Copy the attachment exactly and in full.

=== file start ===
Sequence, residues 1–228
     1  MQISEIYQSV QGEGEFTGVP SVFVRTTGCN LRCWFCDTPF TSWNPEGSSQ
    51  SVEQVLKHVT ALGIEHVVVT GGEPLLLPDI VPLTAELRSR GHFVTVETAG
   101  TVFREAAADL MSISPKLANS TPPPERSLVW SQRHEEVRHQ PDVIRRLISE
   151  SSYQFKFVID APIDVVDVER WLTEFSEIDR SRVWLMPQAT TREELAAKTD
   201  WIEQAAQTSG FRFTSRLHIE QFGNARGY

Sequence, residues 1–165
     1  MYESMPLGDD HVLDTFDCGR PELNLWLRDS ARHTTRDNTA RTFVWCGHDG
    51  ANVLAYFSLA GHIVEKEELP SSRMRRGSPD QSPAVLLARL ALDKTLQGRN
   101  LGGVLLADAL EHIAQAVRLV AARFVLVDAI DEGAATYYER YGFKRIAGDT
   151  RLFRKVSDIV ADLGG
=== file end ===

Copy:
Sequence, residues 1–228
     1  MQISEIYQSV QGEGEFTGVP SVFVRTTGCN LRCWFCDTPF TSWNPEGSSQ
    51  SVEQVLKHVT ALGIEHVVVT GGEPLLLPDI VPLTAELRSR GHFVTVETAG
   101  TVFREAAADL MSISPKLANS TPPPERSLVW SQRHEEVRHQ PDVIRRLISE
   151  SSYQFKFVID APIDVVDVER WLTEFSEIDR SRVWLMPQAT TREELAAKTD
   201  WIEQAAQTSG FRFTSRLHIE QFGNARGY

Sequence, residues 1–165
     1  MYESMPLGDD HVLDTFDCGR PELNLWLRDS ARHTTRDNTA RTFVWCGHDG
    51  ANVLAYFSLA GHIVEKEELP SSRMRRGSPD QSPAVLLARL ALDKTLQGRN
   101  LGGVLLADAL EHIAQAVRLV AARFVLVDAI DEGAATYYER YGFKRIAGDT
   151  RLFRKVSDIV ADLGG